I don’t think ‘isometric angles’ is even a term, but I’m referring to how an angle should appear like in isometric view.
The image below describes the situation.
Given an angle (75deg and 45deg depicted in red arrows above), what is computed angle if the circle was compressed by half (ie an isometric view). The small ellipse depict a circle in isometric view.
The yellow arrows depict the scaling effect of the point on the big white circle and is projected to touch the isometric circle.
The green arrows represent the vectors whose angles I am computing.
I must apologise to any potential researcher that this solution is entirely homemade and there might be more elegant solutions out there.
- With a given angle, determine the normalised length of the Adjacent side
A. This is done by
- The length of the
Aenables the measurement of the Opposite side
Ois computed by multiply
Awith the tan() ratio of the angle:
O = tan(angle)*A
- Now that O has been found out (the yellow arrow line depicted above), scale the length down as per the isometric projection. For simplicity, I’m scaling it by half (eg for 256×125 tile):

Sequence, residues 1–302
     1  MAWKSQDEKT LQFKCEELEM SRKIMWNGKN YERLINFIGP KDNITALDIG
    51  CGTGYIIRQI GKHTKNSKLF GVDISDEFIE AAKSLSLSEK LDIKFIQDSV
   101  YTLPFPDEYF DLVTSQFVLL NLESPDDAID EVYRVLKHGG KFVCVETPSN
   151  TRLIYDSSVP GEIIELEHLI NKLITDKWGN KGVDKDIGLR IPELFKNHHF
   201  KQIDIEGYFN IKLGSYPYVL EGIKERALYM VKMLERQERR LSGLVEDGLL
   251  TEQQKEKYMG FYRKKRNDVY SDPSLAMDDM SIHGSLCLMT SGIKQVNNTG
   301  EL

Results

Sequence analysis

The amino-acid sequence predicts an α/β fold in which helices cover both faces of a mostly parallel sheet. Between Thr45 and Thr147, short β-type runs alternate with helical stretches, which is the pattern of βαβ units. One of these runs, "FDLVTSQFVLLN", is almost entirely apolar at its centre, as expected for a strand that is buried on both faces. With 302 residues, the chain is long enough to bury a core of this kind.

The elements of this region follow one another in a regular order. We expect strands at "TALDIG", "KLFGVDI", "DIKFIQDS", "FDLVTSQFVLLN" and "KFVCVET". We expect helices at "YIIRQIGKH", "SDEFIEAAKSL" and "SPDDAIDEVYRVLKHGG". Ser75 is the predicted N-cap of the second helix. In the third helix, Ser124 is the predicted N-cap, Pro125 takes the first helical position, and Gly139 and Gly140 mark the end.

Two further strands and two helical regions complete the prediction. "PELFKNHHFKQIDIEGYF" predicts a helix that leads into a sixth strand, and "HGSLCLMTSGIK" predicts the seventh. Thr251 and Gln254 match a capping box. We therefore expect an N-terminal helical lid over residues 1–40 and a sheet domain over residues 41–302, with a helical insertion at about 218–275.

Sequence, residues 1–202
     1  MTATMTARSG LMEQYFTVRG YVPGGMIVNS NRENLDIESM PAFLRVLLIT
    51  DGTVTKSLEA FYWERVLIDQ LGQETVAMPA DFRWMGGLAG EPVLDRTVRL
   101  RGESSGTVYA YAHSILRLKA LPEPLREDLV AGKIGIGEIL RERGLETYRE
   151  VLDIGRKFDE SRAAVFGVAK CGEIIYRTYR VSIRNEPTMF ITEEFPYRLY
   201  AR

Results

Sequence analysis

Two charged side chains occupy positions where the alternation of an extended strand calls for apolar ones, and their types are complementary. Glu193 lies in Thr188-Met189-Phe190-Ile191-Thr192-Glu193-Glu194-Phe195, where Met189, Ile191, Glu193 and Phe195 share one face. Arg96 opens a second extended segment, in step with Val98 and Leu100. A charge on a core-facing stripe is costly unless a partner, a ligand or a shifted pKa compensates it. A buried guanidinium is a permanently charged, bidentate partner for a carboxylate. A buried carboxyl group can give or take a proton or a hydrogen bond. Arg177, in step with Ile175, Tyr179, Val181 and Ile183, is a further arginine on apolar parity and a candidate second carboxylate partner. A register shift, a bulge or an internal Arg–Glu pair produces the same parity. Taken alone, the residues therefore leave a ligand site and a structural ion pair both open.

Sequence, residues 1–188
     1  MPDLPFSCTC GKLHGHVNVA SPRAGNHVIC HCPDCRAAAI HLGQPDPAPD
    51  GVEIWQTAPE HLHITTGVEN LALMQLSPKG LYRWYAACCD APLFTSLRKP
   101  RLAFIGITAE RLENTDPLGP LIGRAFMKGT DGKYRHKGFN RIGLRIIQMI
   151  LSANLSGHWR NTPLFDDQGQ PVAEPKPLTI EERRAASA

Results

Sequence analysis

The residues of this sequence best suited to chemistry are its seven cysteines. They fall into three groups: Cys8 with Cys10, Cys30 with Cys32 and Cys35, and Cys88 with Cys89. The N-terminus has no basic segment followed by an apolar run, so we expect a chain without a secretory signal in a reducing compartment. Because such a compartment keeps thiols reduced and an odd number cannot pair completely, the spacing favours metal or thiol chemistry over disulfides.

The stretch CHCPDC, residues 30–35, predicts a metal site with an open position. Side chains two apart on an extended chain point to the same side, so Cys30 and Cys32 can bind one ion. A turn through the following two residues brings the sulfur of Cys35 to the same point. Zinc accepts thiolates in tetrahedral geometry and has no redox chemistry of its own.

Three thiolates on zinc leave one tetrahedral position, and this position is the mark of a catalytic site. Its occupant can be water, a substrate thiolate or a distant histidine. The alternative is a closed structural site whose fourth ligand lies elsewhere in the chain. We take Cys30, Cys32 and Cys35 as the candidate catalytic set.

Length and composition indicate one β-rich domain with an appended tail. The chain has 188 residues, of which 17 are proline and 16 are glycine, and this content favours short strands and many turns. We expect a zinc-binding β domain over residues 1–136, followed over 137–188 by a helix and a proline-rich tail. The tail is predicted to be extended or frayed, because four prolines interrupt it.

- Then recompute the ratio of the known A and new O2:
- The new ratio can be used to determine angle using atan():
- If angle reaches 90, then A has no length, and this corresponds with the nominal orthographic angle.
- If angle reaches 180, then O has no length, and so the same thing.
- If angle > 90 and < 180 the result of
A=cos(angle)will be negative. The same with
- If angle > 180 and < 270 then A=cos(angle) will be negative still, but tan(angle) will be positive.
- If angle > 270 and < 360 then A=cos(angle) will be positive, and tan(angle) will be negative.
- When result angle is reached, modify the value based on the quadrant of the original angle:
- If cos(angle) is negative, and tan(angle) is negative, add 180 degrees. (Quadrant 2)
- If cos(angle) is negative, and tan(angle) is positive, add 180 degrees. (Quadrant 3)
- If cos(angle) is positive, and tan(angle) is negative, add 360 degrees. (Quadrant 4)
- If cos(angle) is positive, and tan(angle) is positive, then keep result. (Quadrant 1)
The images above show 45 degrees as pointing NE. In C2, however, it’s pointing SE. But this orientation allowed me to understand what was going on.
To reverse the operation, to get the orthogonal angle from an isometric angle, reverse tile’s width/height in O2: